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AndyWolan

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  1. Yikes! That stinks. Good thing I bought an extended warranty on this lens. I'll return it to the store and let them deal with it.
  2. I have the Sony a6000 and I recently purchased the Sony SEL1670Z lens. When I turn the barrel of the lens, it will make a "click" sound whenever it passed the "24mm" mark. More specifically, when I rotate it from 16-70, the sound is made as it passes "24mm". When I turn it from 70-16, it makes a louder click sound as it passed "24mm". Is the clicking sound normal? Thanks, Andy
  3. Uh, ya, I stopped using floppies as backup media in late 1990's. However, 500KB * 1,000 images = 500MB. That's nothing to sneeze at. And yes, I DO go through my photos and purge bad/unwanted photos. My question is not about how to perform a "voodoo striptease" to purge the "preview image" from a JPEG. My question is this: is there a setting on the a6000 to prevent it from embedding a "preview image" in the first place?
  4. Anyhow, back to my ORIGINAL question: is there an option to prevent the a6000 from embedding a "preview image" into the JPEG files it writes? I'm not interested in "going RAW" or using data manipulation tools like "EXIFtool", which creates more problems than they help resolve. I just don't want the camera to create said embedded image. That is all.
  5. People forget the cost of archiving isn't necessarily the cost of buying a HDD, but rather the cost to manage and maintain the data and their backups. The less data you have to manage, easier it is to manage your data. Yes, disk space is cheap, but manpower is not. Also, online storage is not as cheap either. (Cost to upload large file via ISP ... some land-line ISPs like Comcast charge by the GB, cost of web storage, cost to recovery data from an archive, etc.) So no, the cost of extra storage is not "30 cents", over time it's far more than that. BTW, there exists lossless editing tools for JPEG images that perform simple editing tasks, such as: grid-based cropping, right-angle rotations and even mirroring. All done losslessly. (IE, without re-compressing the image.) For more sophisticated editing, yes, "lossless" is not going to work. (Red-eye removal, non-right angle rotations, pixel-perfect cropping, etc.) Finally, why should I capture and archive 24-28 MB RAW images when a 4-8MB JPEG image will do fine? With the exception to the occasional red-eye photo, I rarely need to perform any non-lossless post-production work to my images. And the a6000 does a great job at making JPEGs (minus the stupid "preview image"), so why should I bother with post-processing of RAW images? I don't have the time.
  6. On the a6000 camera,is there an option to disable the embedding of a "preview image" with each JPEG image created? (I'm not referring to the "thumbnail" images, which add a negligible amount of data.) I have found that such embedded "preview images" can add 10-20% to the total file size of the JPEG file.
  7. I'd accept the 10-20% hit in file size if there was a reason. But what is the purpose of including such a large "preview" image in the JPEG stream itself? Why not read the regular data stream if you want to render a high quality preview? BTW, my old Canon camera does not do this. Is this some kind of new trend?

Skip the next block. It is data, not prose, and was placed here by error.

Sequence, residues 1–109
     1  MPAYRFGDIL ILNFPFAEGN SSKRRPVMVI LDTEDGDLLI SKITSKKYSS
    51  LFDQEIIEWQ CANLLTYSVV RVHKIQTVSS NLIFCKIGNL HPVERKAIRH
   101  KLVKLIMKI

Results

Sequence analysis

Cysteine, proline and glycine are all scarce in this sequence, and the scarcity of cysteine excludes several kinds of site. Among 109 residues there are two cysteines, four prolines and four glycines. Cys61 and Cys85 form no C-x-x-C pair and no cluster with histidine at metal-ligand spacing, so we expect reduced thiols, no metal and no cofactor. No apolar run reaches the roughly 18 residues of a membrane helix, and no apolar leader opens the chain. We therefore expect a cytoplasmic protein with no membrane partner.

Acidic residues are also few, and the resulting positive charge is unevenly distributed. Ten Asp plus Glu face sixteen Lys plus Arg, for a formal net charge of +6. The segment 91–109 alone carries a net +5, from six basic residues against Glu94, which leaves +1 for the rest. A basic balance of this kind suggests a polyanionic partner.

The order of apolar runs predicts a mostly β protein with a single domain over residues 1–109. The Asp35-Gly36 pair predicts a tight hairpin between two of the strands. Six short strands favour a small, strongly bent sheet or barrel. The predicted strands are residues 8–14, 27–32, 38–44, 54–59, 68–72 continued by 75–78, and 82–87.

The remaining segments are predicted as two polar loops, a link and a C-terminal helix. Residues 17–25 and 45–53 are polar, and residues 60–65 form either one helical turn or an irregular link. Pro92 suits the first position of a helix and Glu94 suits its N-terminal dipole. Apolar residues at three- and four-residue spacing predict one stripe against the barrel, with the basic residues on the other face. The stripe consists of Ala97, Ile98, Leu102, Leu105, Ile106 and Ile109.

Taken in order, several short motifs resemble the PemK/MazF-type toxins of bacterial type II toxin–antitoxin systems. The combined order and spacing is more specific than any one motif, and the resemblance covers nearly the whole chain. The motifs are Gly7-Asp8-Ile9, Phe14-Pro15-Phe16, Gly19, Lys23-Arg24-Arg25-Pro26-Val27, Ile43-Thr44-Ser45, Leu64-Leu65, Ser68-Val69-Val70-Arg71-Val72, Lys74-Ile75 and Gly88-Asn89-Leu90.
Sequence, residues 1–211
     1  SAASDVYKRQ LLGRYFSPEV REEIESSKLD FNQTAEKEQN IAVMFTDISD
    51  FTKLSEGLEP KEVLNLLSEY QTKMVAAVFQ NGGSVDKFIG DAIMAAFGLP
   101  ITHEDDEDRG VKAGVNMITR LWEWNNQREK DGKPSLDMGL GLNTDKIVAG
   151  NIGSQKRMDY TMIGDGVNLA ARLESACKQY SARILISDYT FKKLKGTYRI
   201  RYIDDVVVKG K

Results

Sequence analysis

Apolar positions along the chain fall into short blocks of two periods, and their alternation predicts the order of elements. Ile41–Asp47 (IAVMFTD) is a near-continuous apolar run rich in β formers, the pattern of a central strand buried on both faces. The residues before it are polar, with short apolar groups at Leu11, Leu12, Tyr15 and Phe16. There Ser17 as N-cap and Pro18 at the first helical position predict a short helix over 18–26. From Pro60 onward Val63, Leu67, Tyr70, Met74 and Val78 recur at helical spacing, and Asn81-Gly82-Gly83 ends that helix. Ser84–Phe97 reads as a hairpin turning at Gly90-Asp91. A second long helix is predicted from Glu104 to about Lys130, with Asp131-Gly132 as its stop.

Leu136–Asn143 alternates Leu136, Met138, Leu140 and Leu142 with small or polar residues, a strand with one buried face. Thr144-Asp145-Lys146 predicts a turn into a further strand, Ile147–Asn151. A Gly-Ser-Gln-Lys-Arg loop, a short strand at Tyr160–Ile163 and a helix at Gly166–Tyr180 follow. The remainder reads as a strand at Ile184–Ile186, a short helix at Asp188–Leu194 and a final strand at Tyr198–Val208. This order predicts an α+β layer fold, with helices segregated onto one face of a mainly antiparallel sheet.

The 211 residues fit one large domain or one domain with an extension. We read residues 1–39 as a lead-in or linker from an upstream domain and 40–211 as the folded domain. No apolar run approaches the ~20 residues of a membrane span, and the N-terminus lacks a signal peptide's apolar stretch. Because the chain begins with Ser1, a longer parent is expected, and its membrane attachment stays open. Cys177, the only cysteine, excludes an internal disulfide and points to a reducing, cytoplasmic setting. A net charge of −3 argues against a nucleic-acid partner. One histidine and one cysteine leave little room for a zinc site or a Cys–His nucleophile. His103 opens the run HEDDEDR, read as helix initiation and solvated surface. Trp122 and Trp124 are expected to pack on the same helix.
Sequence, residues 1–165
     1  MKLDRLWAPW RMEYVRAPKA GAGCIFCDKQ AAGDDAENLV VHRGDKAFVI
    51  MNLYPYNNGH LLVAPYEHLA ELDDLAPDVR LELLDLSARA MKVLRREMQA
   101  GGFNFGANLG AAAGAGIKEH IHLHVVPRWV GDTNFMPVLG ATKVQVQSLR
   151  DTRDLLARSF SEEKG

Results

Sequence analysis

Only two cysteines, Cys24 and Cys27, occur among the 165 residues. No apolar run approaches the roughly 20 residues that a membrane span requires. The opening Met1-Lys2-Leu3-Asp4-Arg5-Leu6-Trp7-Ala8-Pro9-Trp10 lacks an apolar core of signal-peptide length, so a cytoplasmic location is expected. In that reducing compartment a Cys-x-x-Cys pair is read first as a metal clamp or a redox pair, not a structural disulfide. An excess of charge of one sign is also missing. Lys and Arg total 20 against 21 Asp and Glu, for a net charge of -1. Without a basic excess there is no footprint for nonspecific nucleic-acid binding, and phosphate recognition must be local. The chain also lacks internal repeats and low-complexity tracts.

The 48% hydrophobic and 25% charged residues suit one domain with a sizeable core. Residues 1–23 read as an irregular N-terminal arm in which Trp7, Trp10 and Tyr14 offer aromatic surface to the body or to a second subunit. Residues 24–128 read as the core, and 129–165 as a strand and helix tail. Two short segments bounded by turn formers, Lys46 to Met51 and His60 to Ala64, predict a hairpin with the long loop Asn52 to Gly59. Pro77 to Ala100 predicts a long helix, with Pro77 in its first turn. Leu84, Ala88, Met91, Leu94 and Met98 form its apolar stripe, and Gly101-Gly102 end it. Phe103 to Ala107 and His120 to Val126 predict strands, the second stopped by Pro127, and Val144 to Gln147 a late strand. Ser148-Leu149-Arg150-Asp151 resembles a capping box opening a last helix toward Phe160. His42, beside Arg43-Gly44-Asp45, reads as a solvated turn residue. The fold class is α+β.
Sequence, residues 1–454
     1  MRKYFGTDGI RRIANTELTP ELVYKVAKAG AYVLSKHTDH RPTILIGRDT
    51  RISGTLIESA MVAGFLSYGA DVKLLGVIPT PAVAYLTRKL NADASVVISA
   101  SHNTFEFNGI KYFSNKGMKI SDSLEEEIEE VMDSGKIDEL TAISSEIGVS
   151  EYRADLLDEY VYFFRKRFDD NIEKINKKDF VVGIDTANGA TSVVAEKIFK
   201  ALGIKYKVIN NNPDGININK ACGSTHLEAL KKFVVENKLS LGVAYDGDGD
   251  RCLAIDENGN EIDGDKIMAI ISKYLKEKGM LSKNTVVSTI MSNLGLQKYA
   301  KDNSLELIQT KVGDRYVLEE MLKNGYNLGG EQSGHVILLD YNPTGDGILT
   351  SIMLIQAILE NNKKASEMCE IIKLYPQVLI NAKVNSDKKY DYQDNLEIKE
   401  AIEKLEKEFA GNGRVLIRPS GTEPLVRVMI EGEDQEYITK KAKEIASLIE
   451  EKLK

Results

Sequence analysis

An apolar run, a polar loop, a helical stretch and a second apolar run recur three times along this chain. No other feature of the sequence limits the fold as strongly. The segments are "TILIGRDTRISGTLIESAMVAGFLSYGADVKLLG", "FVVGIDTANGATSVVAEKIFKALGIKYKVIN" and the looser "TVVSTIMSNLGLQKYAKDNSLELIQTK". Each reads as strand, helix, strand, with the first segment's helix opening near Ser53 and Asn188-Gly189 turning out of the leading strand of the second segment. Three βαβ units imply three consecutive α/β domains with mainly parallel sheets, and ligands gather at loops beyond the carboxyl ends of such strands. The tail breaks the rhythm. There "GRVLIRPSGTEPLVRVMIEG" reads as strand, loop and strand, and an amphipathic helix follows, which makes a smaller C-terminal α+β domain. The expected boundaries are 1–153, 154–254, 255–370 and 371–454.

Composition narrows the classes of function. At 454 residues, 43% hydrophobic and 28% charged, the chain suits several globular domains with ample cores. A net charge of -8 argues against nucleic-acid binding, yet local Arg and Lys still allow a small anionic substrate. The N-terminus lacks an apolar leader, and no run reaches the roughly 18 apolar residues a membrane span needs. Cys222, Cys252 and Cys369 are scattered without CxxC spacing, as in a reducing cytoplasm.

8. Ok, I tried playing with EXifTool and I figured out how to delete "preview image", but now my "last modified" time stamp on the file system is messed-up. Exiftool supports an option to set filesystem modified time to the creation time of the photo as recorded in the metadata. But when I run that command after removing the large preview image, exiftool give me an error of "cannot read preview image", and thus can't adjust the date. I get the same error from EXIFTool if I strip the preview image using JPEGCrop. ARG! Why does Sony include a freaking 700KB preview image with each photo I take? It's such a waste of disk space! It's bad enough trying to remove said data is painful.
  9. Under "Maker" I see something called "PreviewImage: (Binary data 714056 bytes, use -b option to extract)". The size specified for "preview image" is roughly the size I recovered when I strip data "junk" data from file. In the case of this file, the stripped/cleaned file is 720,523 bytes smaller. So, the culprit is a "preview" image being written to the JPEG file itself. Does anyone know if there is an option to prevent the preview image from being written? I understand that adding a small preview image can be helpful to image editing applications, but adding 700KB to a 3.4MB image is A LOT! (20% to be exact.)
  10. Yes, but what is the camera adding to the JPEG data stream? And is there a setting to prevent it from adding this "junk" in the first place?
  11. I have the a6000 and have been using it for almost a year now, and I love it. This weekend, I have been going through old photos, and purging those images that I don't need. While toying around with lossless editing tools, I noticed that many of my images have an additional 500KB to 1MB of "junk" attached to the end of the JPEG image's data stream. I say "junk" because I have no idea what this data is. I imagine it is "metadata", but that much? Using some lossless editing tools, I have been able to safely strip this data off. My question to you is this: what is this "junk" data, and how do I prevent it from being written in the first place? This junk alone is wasting 10-20% of my disk space! For the record, I pull photos off of my camera by popping the SD card into my PC and pulling them off of it. I don't connect the camera to the PC. Refer to my attached image. There, I use "WinMerge" to compare the cleaned and original files.
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